|Introduction | Sustainability Factors | Content Categories | Format Descriptions | Contact|
|Full name||Internet Message Format|
Internet Message Format (IMF) is the standardized ASCII-based syntax required by SMTP for all email message bitstreams used by a message transfer agent, sometimes referred to as a mail transfer agent or MTA, when moving messages between computers. IMF is standardized by RFC 5322. IMF syntax itself does not cover other types of non-text data in email messages such as images, audio or other sorts of structured data which are described in other parts of the MIME document series (RFC 2045, RFC 2046, RFC 2049).
IMF requires that messages use only US-ASCII characters and that the characters are divided into lines. A line is a series of characters that is delimited by carriage-return (CR) immediately followed by line-feed (LF). Taken together, these are commonly abbreviated as CRLF. Each line of characters is limited to no more than 998 characters, and is encouraged, for the sake of interoperability, to be no more than 78 characters.
An IMF-compliant email message consists of a header section comprised of defined fields followed, optionally, by a body. The header section is a sequence of lines of characters with special syntax as defined in this specification. The body is simply a sequence of characters that follows the header section and is separated from the header section by an empty line (i.e., a line with nothing preceding the CRLF).
Header fields are well defined lines beginning with a field name, followed by a colon (":"), followed by a field body, and terminated by CRLF. Header field bodies may have a structured or unstructured syntax. Header fields may appear in any order, and they have been known to be reordered occasionally when transported over the Internet. Selected fields may repeat within the header.
Required header fields include:
All other header fields are optional and include: reply-to, to, cc, bcc, message-id, in-reply-to, references, subject, comments, keywords
Message bodies are simply lines of US-ASCII characters but with two essential requirements:
|Relationship to other formats|
|Used by||MBOX, MBOX Email Format|
|Used by||EML, Email (Electronic Mail Format)|
|Used by||PST_ANSI, Microsoft Outlook 97-2002 Personal Folders File (ANSI)|
|Used by||PST_Unicode, Microsoft Outlook 2003 Personal Folders File (Unicode)|
|Affinity to||CCA, cc:Mail Archive Email Format|
|Affinity to||CPIM, CPIM Instant Message Format. Similar header syntax|
|LC experience or existing holdings||Not directly applicable because IMF is a syntax rather than a separate format. However, the Library's collections so contain email formats defined by IMF. See EML, MBOX Family and MSG for examples.|
|LC preference||See the Recommended Formats Statement for the Library of Congress format preferences for Email content.|
|Documentation||IMF is fully documented in RFC 5322 and its antecedents, RFC 2822 and RFC 822.|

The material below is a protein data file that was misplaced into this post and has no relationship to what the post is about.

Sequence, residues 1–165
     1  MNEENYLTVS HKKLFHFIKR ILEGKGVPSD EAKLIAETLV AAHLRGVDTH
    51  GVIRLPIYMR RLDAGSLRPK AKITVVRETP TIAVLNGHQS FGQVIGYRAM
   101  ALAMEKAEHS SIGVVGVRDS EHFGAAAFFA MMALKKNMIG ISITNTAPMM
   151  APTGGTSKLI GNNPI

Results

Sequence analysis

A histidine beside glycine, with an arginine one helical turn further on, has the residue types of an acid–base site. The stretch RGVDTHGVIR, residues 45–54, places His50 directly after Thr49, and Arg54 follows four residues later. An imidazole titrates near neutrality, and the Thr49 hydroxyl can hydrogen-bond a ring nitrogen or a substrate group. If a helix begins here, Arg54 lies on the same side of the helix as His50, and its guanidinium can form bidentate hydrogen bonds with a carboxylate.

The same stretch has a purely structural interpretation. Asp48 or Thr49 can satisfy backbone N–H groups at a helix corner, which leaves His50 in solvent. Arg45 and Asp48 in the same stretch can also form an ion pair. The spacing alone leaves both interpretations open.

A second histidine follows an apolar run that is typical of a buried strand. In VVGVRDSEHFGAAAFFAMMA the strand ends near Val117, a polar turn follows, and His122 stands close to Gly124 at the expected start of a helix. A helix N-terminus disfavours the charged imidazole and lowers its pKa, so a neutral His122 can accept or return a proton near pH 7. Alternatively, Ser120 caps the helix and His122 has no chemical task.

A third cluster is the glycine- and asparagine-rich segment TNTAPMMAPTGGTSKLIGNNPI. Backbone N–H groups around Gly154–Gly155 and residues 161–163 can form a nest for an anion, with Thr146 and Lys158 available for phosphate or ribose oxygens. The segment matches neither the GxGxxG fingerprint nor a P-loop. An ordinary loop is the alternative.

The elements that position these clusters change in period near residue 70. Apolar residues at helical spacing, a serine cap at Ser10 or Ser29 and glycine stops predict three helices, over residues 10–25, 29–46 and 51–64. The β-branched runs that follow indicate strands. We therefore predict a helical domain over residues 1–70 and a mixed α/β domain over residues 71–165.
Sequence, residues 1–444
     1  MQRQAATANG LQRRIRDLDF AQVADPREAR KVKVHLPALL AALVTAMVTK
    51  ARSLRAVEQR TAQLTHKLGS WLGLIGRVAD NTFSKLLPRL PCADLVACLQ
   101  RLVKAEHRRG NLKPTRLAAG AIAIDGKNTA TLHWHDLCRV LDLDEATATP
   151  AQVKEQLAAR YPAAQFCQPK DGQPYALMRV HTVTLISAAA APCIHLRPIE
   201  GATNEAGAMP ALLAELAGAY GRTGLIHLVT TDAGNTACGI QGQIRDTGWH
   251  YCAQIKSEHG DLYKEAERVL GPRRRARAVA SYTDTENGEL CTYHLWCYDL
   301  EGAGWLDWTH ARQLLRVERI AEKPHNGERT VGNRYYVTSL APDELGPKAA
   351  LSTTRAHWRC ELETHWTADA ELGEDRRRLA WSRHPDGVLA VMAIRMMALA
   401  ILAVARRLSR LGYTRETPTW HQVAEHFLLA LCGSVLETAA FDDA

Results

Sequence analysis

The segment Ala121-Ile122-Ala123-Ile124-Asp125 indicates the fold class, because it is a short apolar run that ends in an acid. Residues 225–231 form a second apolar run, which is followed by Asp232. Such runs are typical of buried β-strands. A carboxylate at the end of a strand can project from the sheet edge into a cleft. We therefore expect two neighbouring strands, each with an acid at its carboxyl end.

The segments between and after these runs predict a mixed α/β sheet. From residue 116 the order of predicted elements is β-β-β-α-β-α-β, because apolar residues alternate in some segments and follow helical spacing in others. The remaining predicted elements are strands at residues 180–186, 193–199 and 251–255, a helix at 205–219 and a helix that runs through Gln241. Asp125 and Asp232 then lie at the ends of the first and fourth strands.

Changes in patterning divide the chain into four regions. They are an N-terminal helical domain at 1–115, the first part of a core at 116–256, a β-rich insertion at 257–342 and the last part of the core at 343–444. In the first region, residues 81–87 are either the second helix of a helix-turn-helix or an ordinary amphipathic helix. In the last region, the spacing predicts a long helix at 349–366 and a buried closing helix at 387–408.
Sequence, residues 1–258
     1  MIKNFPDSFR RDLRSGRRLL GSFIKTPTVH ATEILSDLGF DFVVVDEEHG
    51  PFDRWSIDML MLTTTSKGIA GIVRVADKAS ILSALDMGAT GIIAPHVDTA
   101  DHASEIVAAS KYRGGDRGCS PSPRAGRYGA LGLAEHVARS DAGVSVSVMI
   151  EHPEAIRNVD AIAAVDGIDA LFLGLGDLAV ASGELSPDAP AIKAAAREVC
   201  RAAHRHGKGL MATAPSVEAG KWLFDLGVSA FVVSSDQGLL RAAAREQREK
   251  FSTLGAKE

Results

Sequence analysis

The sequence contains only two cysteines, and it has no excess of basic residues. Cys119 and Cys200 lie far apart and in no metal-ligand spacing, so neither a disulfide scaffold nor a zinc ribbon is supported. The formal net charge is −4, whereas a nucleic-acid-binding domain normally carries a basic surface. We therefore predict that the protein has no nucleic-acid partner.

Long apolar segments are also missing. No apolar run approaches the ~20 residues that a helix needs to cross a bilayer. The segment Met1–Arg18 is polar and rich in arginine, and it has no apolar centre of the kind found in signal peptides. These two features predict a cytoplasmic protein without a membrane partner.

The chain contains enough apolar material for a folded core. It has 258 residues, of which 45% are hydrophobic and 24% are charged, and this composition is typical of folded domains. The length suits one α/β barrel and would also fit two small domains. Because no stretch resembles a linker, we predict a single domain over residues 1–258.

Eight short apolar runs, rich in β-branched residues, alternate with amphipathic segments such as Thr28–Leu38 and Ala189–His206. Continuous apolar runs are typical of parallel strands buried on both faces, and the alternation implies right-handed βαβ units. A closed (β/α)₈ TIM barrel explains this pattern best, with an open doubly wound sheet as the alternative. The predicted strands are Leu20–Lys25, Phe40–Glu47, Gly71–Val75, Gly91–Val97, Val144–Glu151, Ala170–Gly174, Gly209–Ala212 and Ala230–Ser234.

|Adoption||IMF is the standard syntax defined by IETF for the message bitstream when moving email message from one computer to another. As such, it is highly adopted and interoperable with many tool sets and applications.|
|Licensing and patents||None|
IMF files are US-ASCII text so are accessible through plain text processing tools.
|Self-documentation||Metadata is available through the well-structured header fields.|
|Technical protection considerations||None|
|Filename extension||Not applicable.||See related email formats|
|Internet Media Type||message/rfc822
||This is the common MIME type for all formats based on RFC 822.|
|Magic numbers||Not applicable.||See related email formats.|
|Wikidata Title ID||Q82721505
|General||IMF has been developed in step with Simple Mail Transfer Protocol. SMTP is the widely used protocol to send email messages from the authors mail program or email client to the mail server and between servers too. Where SMTP is equivalent to the message envelope, IMF is equivalent to the letter within the envelope. Receiving mail from a server is accomplished using POP or IMAP.|
RFC822, published in 1982, established the framework for the header structure and was widely used. Revisions and refinements to this structure include RFC 1123 (1989), RFC 2822 (2001) and most recently RFC 5322 (2008). RFC5233 includes this summary of the changes between RFCs: “One important difference between the obsolete (interpreting) and the current (generating) syntax is that in structured header field bodies (i.e., between the colon and the CRLF of any structured header field), white space characters, including folding white space, and comments could be freely inserted between any syntactic tokens. This allowed many complex forms that have proven difficult for some implementations to parse. Another key difference between the obsolete and the current syntax is that the rule … regarding lines composed entirely of white space in comments and folding white space does not apply. The NUL character (ASCII value 0) was once allowed, but is no longer for compatibility reasons. Similarly, USASCII control characters other than CR, LF, SP, and HTAB (ASCII values 1 through 8, 11, 12, 14 through 31, and 127) were allowed to appear in header field bodies. CR and LF were allowed to appear in messages other than as CRLF.”